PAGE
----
Book Chapter: Co-producing Smart City Services
This chapter provides theoretical empirical information regarding methods and tools that can make co-production of public services a more efficient process. Through an exploration of six pilot case studies, authors find out that, apart from methods and tools, other skills as well as the capacity to manage the governance of co-production are crucial for this objective.
Studies have shown the potential of co-producing public services with the stakeholders for more efficient and sustainable smart city services. However, evidence-based records of the success of such initiatives are limited and there is a strong deficit of analysis of what makes co-production efficient. This study addresses these limitations by exploring the methods, tools and techniques for managing the process effectively, and the skills required to do so, drawing on both literature and empirical data.
A case study method and survey is employed to uncover specific factors and challenges operating among public service project managers in European smart cities—based on experience gained from Peripheria, a multidisciplinary project focused on the co-production of Future Internet-enabled services. Six pilot cases are explored to understand how each of them set about engaging their stakeholders in service co-production in order to reach the desired services and impacts for their smart city. A clear pattern emerged from the results of the comparative analysis, showing that, for the most part, there is no one-size-fits-all that can be applied to the cities’ attempts to engage their stakeholders in efficient service co-production.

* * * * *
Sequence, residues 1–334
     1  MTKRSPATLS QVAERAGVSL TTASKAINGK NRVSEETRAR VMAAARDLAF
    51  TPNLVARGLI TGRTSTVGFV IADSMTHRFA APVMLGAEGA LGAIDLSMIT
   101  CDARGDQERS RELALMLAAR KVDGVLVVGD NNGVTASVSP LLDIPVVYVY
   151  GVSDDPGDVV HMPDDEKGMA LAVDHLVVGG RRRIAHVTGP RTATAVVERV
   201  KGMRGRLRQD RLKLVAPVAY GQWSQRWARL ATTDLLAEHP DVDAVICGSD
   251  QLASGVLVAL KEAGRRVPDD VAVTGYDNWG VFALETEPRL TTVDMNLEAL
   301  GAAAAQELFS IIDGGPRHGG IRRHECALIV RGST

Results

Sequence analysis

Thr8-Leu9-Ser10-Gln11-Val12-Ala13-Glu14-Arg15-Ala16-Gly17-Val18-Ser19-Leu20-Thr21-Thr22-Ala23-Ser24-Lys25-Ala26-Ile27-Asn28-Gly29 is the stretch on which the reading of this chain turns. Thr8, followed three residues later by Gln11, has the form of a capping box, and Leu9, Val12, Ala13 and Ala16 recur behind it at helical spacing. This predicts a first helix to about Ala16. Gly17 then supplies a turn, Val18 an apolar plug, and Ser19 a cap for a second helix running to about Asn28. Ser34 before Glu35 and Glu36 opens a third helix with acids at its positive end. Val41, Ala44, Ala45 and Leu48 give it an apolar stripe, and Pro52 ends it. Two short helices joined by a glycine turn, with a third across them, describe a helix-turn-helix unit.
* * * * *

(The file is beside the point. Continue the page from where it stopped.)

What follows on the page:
The evidence collected also suggests that public service managers need not only the tools and techniques to encourage collaboration between the multiplicity of stakeholders involved in co-production but also the skills and capacity for managing the governance of co-production. It is these twin messages about no ‘one-size-fits-all’ and the importance of context-specific governance issues about who takes part in decision-making—that need to be carried forward from this study.
Part of this work was presented at the R&D Management Conference: From Science to Society: Innovation and Value Creation, Cambridge University, UK, 3–6 July 2016: Paskaleva, K. Cooper, I and Concilo, G. 2016. Tools and techniques for co-producing smart city services: Does one size fit all?”
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